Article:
Dowel says his biggest buyers are farmers and rural fencing contractors – but with the two groups having different needs, the post rammers can be built with different specifications.

The most popular type of post rammer is the company’s S Series, which he says is the preferred option for contractors as it is able to install everything from Maxy pickets, drill casings and rail iron to 325mm round hardwood.

The R series, meanwhile, is designed with a budget in mind, but still packs a powerful punch – coming in a range of powercell sizes to suit each application. "The S stands for silenced and the R stands for rural," explains Dowel.

"Now, when you are hitting steel into the ground the S makes exactly the same sound the R makes, but what happens with the S series is it has a shock absorbing system, so there is less maintenance on the machine."

This, he says, means the S-series units can work longer and more often – better suited to a contractor performing that work on a daily basis.

The PR140S range has been developed for tractors up to 250hp

S-series units can also be supplied with an adjustable grapple to help lift posts into position, and with fixtures including the post rammer’s Megapunch capability, designed specifically for excavators and telehandlers.

There is also the AgPro series, which come with an S-series rammer, log grapple and an auger drive to make post hole digging a one-person operation.

"[This] means we can drill the holes and pick up the posts and set the posts," says Dowel.

"So, there is a plethora of things that we can do with the one device and all of them are retro-fittable, so if somebody buys a base unit they can keep adding to it as well."

The units also come with two different post cups – the part that strikes the post – with Dowel saying that the cups used are the only ones on the market that offer a two-piece design. He says that using a post cup with a diameter larger than 20 per cent of the post creates fatigue issues within the power cell, the cup itself and the overall life expectancy of the post rammer.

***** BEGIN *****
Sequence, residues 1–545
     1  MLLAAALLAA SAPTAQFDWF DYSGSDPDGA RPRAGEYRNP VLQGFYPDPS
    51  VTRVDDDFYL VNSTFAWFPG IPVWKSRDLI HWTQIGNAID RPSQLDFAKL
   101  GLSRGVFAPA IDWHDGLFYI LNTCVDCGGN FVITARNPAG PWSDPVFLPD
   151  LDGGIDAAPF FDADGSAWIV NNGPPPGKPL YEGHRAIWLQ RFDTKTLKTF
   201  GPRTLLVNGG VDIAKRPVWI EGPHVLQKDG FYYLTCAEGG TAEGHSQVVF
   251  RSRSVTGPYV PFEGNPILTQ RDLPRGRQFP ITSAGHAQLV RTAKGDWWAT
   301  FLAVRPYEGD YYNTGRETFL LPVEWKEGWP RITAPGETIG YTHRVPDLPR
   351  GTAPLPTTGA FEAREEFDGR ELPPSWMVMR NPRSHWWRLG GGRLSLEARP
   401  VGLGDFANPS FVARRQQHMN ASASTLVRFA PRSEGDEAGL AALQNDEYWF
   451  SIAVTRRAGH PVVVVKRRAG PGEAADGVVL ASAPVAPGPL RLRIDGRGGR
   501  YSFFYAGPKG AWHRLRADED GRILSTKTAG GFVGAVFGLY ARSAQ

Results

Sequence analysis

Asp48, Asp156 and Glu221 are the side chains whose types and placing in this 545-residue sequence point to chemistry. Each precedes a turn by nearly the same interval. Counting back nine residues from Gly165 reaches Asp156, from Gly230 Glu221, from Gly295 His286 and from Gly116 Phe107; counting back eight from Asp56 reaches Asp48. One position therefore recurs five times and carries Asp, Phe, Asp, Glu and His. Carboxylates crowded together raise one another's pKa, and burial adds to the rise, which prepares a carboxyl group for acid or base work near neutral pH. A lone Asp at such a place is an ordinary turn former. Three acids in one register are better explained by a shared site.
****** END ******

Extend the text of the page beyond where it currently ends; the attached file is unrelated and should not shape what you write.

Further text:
S-series units can be supplied with an adjustable grapple

Producing cups of 80mm, 100mm, 150mm, 184mm, 225mm, 300mm and 325mm in diameter, Dowel says the company produces them as a two-piece system, keeping the cup separate from its stem, which makes them cheaper and simpler to replace.

"We have got a new quick release system as well... the R series has been proven, now we're just working on it for the S series," he explains.

"So, the cup change over time will be like 20 or 30 seconds rather than several minutes.

"We're hoping the first batch, next year, will have the new system as well and then we will be offering the retrofit free of charge for all the people that own them."

This change follows the launch of the EQ Tilt Attach system, developed for those needing to install fencing on hillsides, gullies, embankments and drains – and designed to suit skid steer loaders, tractors and telehandlers.

Its rotary motion allows the operator to tilt the post rammer from six degrees one way and 12 degrees the other – enabling it to navigate most slopes while working.

The tilt attach system is available across the range, regardless of the customisations made, Dowel adds – all designed and assembled at the company base in Boondall and able to be serviced by a nation-wide network of resellers, suppliers and contractors.

These optional extras, as well as the Earthquake post rammer’s use of hydraulics, adds new efficiencies to the unit, says Dowel.

"Compared to the old counterweight style [of post rammer] that just lifts up a weight and drops it again, we expect to be probably 20 times more efficient depending on the soil sites," he says.